Nile River and Saudi Dust Storm

The northern portion of the Nile River divides the desert in this SeaWiFS image collected last month. Kharthoum and the confluence of the White Nile and Blue Nile are at the very bottom of the image. A dust storm can be seen obscuring the ground over northern Saudi Arabia. Wave patterns with wavelengths of a few kilometers can be seen in the dusty air along the Israeli and Lebanese coastlines.
Source: Provided by the SeaWiFS Project, NASA/Goddard Space Flight Center, and ORBIMAGE

Saudi Arabia and Dust Over Persian Gulf

SeaWiFS collected this view of the Arabian Peninsula and of dust blowing across the Persian Gulf.
Source: Provided by the SeaWiFS Project, NASA/Goddard Space Flight Center, and ORBIMAGE


This image of Saudi Arabia shows a great sea of linear dunes in part of the Rub al Khali, or the Empty Quarter. Acquired on June 25, 2000, the image covers an area 37 kilometers (23 miles) wide and 28 kilometers (17 miles) long in three bands of the reflected visible and infrared wavelength region. The dunes are yellow due to the presence of iron oxide minerals. The inter-dune area is made up of clays and silt and appears blue due to its high reflectance in band 1. The Rub al Khali is the worlds largest continuous sand desert. It covers about 650,000 square kilometers (250,966 square miles) and lies mainly in southern Saudi Arabia, though it does extend into the United Arab Emirates, Oman, and Yemen. One of the worlds driest areas, it is uninhabited except for the Bedouin nomads who cross it. The first European to travel through the desert was Bertram Thomas in 1930. Advanced Spaceborne Thermal Emission and Reflection Radiometer (ASTER) is one of five Earth-observing instruments launched December 18, 1999, on NASAs Terra satellite. The instrument was built by Japans Ministry of International Trade and Industry. A joint U.S./Japan science team is responsible for validation and calibration of the instrument and the data products. Dr. Anne Kahle at NASAs Jet Propulsion Laboratory, Pasadena, California, is the U.S. science team leader; Moshe Pniel of JPL is the project manager. ASTER is the only high-resolution imaging sensor on Terra. The primary goal of the ASTER mission is to obtain high-resolution image data in 14 channels over the entire land surface, as well as black and white stereo images. With revisit time of between 4 and 16 days, ASTER will provide the capability for repeat coverage of changing areas on Earths surface. The broad spectral coverage and high spectral resolution of ASTER will provide scientists in numerous disciplines with critical information for surface mapping and monitoring dynamic conditions and temporal change. Examples of applications include monitoring glacial advances and retreats, potentially active volcanoes, thermal pollution, and coral reef degradation; identifying crop stress; determining cloud morphology and physical properties; evaluating wetlands; mapping surface temperature of soils and geology; and measuring surface heat balance.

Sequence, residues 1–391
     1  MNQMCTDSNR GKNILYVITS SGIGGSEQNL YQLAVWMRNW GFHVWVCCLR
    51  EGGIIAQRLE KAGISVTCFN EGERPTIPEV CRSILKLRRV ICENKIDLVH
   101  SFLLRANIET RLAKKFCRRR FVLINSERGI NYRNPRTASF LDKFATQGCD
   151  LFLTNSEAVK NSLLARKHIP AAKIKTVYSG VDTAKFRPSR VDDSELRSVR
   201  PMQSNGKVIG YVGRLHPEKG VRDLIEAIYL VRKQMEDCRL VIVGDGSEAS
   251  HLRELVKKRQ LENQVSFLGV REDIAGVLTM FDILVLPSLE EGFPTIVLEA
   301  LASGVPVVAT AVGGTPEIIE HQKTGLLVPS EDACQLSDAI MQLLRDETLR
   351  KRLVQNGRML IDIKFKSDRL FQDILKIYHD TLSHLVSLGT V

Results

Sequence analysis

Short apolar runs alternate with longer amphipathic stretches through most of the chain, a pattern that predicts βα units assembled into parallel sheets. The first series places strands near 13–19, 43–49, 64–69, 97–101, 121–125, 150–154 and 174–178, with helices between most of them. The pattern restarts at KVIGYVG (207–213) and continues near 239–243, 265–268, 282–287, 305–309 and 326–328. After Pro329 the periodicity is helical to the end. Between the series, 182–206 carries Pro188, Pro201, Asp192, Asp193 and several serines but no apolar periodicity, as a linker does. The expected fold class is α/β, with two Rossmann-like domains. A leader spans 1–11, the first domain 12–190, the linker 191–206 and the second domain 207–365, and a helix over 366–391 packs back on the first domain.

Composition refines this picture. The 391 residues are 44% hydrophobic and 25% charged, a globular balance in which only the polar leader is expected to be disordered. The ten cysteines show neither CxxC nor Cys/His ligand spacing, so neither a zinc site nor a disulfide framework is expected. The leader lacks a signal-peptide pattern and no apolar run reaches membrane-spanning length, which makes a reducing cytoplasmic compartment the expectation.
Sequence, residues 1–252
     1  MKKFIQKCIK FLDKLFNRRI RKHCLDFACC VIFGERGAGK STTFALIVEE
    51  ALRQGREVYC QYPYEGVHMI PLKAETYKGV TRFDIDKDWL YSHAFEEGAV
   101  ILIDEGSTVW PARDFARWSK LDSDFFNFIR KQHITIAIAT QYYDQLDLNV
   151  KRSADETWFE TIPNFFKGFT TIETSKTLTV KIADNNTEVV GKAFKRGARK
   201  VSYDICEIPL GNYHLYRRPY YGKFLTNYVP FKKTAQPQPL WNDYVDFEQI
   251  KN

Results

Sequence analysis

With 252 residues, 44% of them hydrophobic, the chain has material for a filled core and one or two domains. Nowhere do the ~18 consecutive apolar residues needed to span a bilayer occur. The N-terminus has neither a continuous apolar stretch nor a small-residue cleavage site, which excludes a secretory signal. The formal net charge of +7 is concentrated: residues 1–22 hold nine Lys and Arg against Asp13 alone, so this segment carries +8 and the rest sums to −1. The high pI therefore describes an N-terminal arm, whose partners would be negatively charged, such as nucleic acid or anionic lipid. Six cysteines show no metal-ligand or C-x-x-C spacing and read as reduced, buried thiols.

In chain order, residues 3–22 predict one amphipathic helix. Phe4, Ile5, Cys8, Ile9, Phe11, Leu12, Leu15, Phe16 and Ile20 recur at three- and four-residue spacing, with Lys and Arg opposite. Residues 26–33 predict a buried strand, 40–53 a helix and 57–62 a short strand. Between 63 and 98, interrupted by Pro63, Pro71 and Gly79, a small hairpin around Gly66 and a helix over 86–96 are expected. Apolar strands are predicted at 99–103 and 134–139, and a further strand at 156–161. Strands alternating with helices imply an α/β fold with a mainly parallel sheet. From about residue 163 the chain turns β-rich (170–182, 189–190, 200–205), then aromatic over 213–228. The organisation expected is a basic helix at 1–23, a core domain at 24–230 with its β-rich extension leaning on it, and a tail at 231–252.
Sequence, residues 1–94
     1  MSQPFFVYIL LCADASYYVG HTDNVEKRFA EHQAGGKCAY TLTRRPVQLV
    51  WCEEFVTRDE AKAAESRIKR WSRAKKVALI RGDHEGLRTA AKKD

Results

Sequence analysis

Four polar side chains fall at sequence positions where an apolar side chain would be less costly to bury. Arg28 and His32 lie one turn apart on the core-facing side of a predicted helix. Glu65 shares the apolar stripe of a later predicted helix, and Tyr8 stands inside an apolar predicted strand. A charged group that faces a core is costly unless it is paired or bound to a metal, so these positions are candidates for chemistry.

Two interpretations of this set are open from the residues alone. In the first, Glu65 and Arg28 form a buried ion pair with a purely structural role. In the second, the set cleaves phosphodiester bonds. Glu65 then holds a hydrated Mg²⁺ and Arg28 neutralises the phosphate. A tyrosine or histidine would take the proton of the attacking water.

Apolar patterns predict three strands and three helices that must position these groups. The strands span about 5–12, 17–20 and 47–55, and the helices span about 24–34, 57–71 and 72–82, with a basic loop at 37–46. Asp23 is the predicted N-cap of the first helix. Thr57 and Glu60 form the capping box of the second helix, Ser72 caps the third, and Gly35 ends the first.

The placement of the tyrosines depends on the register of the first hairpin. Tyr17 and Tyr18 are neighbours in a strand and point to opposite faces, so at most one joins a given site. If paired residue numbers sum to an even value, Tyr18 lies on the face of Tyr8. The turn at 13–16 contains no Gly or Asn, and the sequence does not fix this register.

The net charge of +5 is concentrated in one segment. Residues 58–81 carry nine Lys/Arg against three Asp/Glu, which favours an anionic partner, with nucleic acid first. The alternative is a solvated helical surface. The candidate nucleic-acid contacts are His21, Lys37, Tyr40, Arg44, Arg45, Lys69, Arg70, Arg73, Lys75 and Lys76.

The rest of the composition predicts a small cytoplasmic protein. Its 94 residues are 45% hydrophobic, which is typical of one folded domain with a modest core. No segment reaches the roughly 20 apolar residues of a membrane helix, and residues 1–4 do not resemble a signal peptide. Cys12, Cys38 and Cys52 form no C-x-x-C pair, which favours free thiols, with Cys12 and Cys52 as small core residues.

Source: NASA GSFC, MITI, ERSDAC, JAROS, and U.S./Japan ASTER Science Team